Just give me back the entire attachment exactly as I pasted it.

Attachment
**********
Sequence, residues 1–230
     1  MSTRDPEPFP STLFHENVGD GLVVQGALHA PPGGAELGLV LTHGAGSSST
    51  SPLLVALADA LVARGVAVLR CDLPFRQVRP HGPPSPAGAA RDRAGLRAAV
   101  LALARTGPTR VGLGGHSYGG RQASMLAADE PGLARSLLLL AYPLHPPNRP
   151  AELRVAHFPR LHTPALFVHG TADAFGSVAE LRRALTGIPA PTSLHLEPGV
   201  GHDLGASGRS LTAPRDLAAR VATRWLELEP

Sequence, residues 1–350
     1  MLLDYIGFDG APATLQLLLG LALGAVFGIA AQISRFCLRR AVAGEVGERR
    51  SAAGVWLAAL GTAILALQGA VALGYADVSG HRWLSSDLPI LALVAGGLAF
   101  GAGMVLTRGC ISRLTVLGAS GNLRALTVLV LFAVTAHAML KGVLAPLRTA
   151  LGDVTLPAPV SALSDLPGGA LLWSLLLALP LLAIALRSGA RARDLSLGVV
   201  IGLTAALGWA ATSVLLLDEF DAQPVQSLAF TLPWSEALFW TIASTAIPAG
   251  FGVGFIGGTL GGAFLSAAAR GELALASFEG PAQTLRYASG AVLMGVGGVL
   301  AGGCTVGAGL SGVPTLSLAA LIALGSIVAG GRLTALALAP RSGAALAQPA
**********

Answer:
Sequence, residues 1–230
     1  MSTRDPEPFP STLFHENVGD GLVVQGALHA PPGGAELGLV LTHGAGSSST
    51  SPLLVALADA LVARGVAVLR CDLPFRQVRP HGPPSPAGAA RDRAGLRAAV
   101  LALARTGPTR VGLGGHSYGG RQASMLAADE PGLARSLLLL AYPLHPPNRP
   151  AELRVAHFPR LHTPALFVHG TADAFGSVAE LRRALTGIPA PTSLHLEPGV
   201  GHDLGASGRS LTAPRDLAAR VATRWLELEP

Sequence, residues 1–350
     1  MLLDYIGFDG APATLQLLLG LALGAVFGIA AQISRFCLRR AVAGEVGERR
    51  SAAGVWLAAL GTAILALQGA VALGYADVSG HRWLSSDLPI LALVAGGLAF
   101  GAGMVLTRGC ISRLTVLGAS GNLRALTVLV LFAVTAHAML KGVLAPLRTA
   151  LGDVTLPAPV SALSDLPGGA LLWSLLLALP LLAIALRSGA RARDLSLGVV
   201  IGLTAALGWA ATSVLLLDEF DAQPVQSLAF TLPWSEALFW TIASTAIPAG
   251  FGVGFIGGTL GGAFLSAAAR GELALASFEG PAQTLRYASG AVLMGVGGVL
   301  AGGCTVGAGL SGVPTLSLAA LIALGSIVAG GRLTALALAP RSGAALAQPA